The Mississippi sheriff’s department said Tuesday it had fired several deputies after two black men accused them in a federal lawsuit of beating, torturing and sexually assaulting them. One of the men was nearly killed when an officer put a gun to his mouth and pulled the trigger, the lawsuit says.
The two men, Michael Jenkins, 32, and Eddie Parker, 35, filed a $400 million federal lawsuit this month against the Rankin County Sheriff’s Department. The lawsuit describes the alleged actions of the officers as «one of the worst and most bizarre incidents of police misconduct in United States history.»
“Due to recent developments, including findings during our internal investigation, all deputies still employed by this department have been terminated,” Sheriff Bryan Bailey said Tuesday, reading from a prepared statement. The department declined to say how many officers were fired.
“We understand that the alleged actions of deputies have eroded the public’s trust in our department,” added Bailey, who is named in the lawsuit. «Rest assured that we will work diligently to restore that trust.»
Malik Shabazz and Trent Walker, attorneys for the two men, did not immediately respond to a request for comment.
The FBI, the Department of Justice and the US Attorney’s Office for Southern Mississippi have opened a federal civil rights investigation.
Rankin County, one of the most populous counties in Mississippi, is located across the Pearl River from Jackson, the state capital. Its population is 74% white and nearly 23% black, according to the 2022 census. It borders counties with large black populations in a state that has long struggled with a violent racial history.
The incident comes in a national reckoning over excessive use of force by officers, with particular scrutiny of attacks against blacks. Recent shootings and beatings, including the deaths of Aderrien Murry in Indianola, Mississippi, and Tire Nichols in Memphis, Tennessee, have again brought the issue to the fore after the country faced massive protests over the police killing of George Floyd in Minnesota in 2020.
Jenkins and Parker, who lived together at the time of the alleged assault, claimed in the federal lawsuit that officers entered their home without cause or warning. The officers beat them, choked them, stunned them, sexually assaulted them and attacked them with racial slurs, the men say in the lawsuit.
The lawsuit alleges that the officers hurled racial slurs at the men and angrily accused them of dating white women. They allegedly handcuffed and beat the men before Tasering them 20 to 30 times «in a sadistic competition among themselves as to which Taser would be more effective when fired at these two victims,» according to court documents.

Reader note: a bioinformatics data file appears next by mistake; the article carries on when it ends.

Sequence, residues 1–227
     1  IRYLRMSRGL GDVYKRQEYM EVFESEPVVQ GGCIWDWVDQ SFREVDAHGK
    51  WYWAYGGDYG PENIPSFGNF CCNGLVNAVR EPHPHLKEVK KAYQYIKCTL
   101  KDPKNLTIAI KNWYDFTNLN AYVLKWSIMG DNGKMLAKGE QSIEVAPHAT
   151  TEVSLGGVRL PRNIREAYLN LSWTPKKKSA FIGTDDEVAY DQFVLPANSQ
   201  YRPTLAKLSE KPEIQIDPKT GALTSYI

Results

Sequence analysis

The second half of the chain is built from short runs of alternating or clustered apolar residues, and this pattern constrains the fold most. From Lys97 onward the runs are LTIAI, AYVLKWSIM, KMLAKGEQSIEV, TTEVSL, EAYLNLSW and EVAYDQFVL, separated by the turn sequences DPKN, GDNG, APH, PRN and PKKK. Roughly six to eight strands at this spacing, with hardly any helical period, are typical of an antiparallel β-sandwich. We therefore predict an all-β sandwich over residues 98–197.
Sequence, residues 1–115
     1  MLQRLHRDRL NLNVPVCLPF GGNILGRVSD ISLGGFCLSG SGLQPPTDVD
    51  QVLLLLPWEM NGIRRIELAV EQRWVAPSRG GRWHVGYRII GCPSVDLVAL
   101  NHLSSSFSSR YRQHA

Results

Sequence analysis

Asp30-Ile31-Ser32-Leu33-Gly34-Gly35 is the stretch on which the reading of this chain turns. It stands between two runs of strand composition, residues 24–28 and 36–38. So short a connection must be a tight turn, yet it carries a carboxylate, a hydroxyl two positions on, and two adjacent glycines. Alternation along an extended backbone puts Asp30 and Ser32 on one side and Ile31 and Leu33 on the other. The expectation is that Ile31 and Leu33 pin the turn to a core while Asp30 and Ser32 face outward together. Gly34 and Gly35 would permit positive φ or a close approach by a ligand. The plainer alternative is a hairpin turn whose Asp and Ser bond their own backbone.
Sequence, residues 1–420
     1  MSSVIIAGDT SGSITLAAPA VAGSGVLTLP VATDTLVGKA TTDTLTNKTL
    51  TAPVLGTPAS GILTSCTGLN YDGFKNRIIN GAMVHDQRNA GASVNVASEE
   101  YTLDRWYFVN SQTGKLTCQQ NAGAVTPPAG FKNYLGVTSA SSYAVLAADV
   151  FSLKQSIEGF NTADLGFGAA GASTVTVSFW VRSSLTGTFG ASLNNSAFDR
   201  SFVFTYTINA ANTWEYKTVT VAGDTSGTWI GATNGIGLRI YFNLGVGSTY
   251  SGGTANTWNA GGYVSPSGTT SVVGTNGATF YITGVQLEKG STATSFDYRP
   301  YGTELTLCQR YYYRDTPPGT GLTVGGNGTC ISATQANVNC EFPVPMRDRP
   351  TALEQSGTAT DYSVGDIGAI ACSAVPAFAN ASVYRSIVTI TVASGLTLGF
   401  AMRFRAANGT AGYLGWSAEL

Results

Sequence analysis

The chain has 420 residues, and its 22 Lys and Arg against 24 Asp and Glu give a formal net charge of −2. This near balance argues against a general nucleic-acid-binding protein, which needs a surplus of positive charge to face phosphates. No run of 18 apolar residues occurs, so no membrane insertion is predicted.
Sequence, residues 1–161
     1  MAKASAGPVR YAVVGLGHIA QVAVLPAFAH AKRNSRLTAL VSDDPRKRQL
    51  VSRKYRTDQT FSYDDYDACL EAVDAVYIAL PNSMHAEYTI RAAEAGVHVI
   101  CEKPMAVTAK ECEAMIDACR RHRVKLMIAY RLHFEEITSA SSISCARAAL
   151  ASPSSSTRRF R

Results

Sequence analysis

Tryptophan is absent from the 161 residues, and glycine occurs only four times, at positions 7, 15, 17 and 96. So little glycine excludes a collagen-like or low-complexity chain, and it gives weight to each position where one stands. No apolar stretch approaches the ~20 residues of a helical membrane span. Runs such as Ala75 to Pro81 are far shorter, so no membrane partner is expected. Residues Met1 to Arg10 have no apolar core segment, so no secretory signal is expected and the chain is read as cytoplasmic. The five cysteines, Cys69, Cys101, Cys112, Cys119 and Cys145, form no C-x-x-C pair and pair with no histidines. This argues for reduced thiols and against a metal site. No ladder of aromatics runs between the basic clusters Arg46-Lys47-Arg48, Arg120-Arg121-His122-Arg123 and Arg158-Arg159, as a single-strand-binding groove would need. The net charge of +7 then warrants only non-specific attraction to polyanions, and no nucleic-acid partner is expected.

The officers then turned the two men on their backs and poured water in their faces in an effort to drown them, the lawsuit claims, before sexually assaulting them with a sex toy.
Multiple officers put their guns to the men’s heads and threatened to kill them, the lawsuit says.
The evening ended when an officer put a gun to Jenkins’ mouth while he was handcuffed, according to the lawsuit. The shot allegedly shattered Jenkins’ jaw and severely lacerated his tongue. Several of Jenkins’ arteries were severely damaged and he nearly died, he says. He then was left alone to seek help, court documents allege.
While the sheriff’s department did not say how many deputies were relieved, a spokesperson said all those at the scene were fired after the internal investigation. The lawsuit said there were six officers at the scene, though it only named three, including Deputy Hunter Elward.
Elward could not immediately be reached for comment Wednesday night.
Elward, the officer accused of shooting Jenkins, was previously involved in the death of Damien Cameron, a 29-year-old black man whose neighbor accused him of vandalism and called police in 2021. the department has said.
A grand jury declined to indict Elward last year, citing a lack of evidence. Mississippi Public Broadcasting reported Monday that his family was still seeking justice nearly two years later.
The lawsuit says Bailey, the sheriff, “directly engages in acts of excessive force with officers he supervises and has been denied qualified immunity by this court” before naming multiple incidents in which his officers are alleged to have used excessive force.
Bailey said it remained his «privilege» to lead the department.
“I believe in my heart that this department continues to be one of the best departments in our state, and I am committed to doing everything in my power to keep this department on the right track,” Bailey said, reading from his statement.
As reporters peppered him and a spokesman with questions Tuesday at the end of the news conference, Bailey made his way slowly and quietly toward the door. She stopped to say only that he wouldn’t quit and that he couldn’t answer any more questions.